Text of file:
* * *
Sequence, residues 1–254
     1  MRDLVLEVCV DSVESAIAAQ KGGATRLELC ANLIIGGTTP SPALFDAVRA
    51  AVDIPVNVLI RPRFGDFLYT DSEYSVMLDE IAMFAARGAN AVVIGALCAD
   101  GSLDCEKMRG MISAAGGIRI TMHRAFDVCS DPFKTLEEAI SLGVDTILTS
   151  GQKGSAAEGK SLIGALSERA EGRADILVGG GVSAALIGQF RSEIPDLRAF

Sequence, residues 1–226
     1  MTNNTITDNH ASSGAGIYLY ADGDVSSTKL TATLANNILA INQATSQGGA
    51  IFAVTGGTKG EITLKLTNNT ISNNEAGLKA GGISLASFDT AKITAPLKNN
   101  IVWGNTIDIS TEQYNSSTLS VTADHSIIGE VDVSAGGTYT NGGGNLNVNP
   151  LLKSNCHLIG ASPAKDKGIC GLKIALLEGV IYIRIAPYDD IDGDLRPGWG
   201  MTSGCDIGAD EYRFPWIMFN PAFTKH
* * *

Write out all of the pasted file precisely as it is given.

Sequence, residues 1–254
     1  MRDLVLEVCV DSVESAIAAQ KGGATRLELC ANLIIGGTTP SPALFDAVRA
    51  AVDIPVNVLI RPRFGDFLYT DSEYSVMLDE IAMFAARGAN AVVIGALCAD
   101  GSLDCEKMRG MISAAGGIRI TMHRAFDVCS DPFKTLEEAI SLGVDTILTS
   151  GQKGSAAEGK SLIGALSERA EGRADILVGG GVSAALIGQF RSEIPDLRAF

Sequence, residues 1–226
     1  MTNNTITDNH ASSGAGIYLY ADGDVSSTKL TATLANNILA INQATSQGGA
    51  IFAVTGGTKG EITLKLTNNT ISNNEAGLKA GGISLASFDT AKITAPLKNN
   101  IVWGNTIDIS TEQYNSSTLS VTADHSIIGE VDVSAGGTYT NGGGNLNVNP
   151  LLKSNCHLIG ASPAKDKGIC GLKIALLEGV IYIRIAPYDD IDGDLRPGWG
   201  MTSGCDIGAD EYRFPWIMFN PAFTKH